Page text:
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Understanding Your Business' Cash Flow

Back Away from the P&L, Please

A couple of weeks ago, I posted a blog about isolation, and how isolation can kill a small business. If you are isolated, you aren’t learning new things like you should be as an entrepreneur. One of the things you aren’t born already knowing is how to study and understand cash flow for your business.


Most clients jump right to the P&L (profit and loss) and dive from the top line to the bottom line in record time, noting the gross revenue and net income. If those two numbers are to their liking, they move on to the next topic. But I want to issue a challenge to all my entrepreneur friends out there:


Learn to understand your business’ cash flow, not just its profitability and/or sales trends


Of course, those topics are related. Sales and profitability drive cash flow, but without adequate cash flow there are NO sales and certainly NO profitability. And as you may or may not know, there are items that impact your cash that do NOT show up on a P&L.


What are some common examples of uses of cash that are NOT presented on the P&L?

  • Loan principal payments – the interest is deducted on the P&L, but the loan principal payments are reported on the balance sheet.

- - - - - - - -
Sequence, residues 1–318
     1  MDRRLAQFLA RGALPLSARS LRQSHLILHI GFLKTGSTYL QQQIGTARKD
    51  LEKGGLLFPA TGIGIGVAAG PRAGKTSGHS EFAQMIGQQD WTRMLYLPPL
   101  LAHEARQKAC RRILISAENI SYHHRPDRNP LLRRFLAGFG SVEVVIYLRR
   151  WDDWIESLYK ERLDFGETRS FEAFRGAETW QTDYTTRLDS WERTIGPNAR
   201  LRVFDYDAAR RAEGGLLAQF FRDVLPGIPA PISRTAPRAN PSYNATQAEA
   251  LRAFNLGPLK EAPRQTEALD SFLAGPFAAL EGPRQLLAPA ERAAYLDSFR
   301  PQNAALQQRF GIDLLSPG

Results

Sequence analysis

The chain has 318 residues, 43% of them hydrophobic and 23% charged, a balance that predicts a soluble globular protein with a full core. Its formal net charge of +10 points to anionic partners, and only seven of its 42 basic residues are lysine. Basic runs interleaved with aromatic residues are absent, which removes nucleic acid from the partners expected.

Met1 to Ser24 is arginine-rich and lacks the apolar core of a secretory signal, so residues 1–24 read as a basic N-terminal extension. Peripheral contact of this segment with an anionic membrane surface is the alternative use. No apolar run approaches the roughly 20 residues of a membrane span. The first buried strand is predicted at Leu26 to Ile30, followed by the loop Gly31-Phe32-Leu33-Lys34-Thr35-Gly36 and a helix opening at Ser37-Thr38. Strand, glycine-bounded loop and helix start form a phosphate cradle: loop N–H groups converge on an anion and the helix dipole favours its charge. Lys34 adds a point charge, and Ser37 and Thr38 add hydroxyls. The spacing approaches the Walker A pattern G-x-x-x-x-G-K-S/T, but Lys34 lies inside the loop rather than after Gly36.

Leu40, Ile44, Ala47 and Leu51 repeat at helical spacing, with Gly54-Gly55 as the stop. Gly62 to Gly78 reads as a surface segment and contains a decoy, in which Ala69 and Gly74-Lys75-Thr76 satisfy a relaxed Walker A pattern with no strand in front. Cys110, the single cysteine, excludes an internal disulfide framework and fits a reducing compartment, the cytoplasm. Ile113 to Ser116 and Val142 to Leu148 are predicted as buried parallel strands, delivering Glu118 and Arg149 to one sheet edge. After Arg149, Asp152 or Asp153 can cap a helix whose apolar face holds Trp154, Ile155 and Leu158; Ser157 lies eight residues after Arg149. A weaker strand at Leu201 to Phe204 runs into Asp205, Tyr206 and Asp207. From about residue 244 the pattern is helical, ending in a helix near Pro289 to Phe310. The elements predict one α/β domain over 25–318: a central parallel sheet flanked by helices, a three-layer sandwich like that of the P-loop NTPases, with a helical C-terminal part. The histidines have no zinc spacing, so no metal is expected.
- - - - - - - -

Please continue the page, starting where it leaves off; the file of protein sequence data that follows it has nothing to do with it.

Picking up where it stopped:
• Sales tax – sales tax collected is a liability, not income, and that liability has to be paid to your state or local government. It’s not an expense, but it is a use of cash.
  • Shareholder/owner distributions – this is a major use of cash for small businesses. Shareholder or owner distributions are presented on the balance sheet since they’re not considered payroll, and therefore they don’t show up on the P&L. They sure do reduce available cash, however.


Understanding that cash flow doesn’t begin and end on the P&L is critical to your understanding of the health of your business. I’d encourage you to spend some time learning more about the balance sheet and statement of cash flows. Remember that your balance sheet starts on day 1 of your business and continues until the business is closed. The P&L resets every 12 months, so which statement do you think shows a better picture of your company’s health? Does your doctor get a better picture of your health by examining all of your health history or by looking at what you ate yesterday? You understand where I’m going with this.


Is it possible to have a business with huge annual sales increases and profitability showing no cash flow? It sure is. Make sure to learn how to interpret your business’ cash flow so you don’t become one of those businesses. Cash, as they say, is king.


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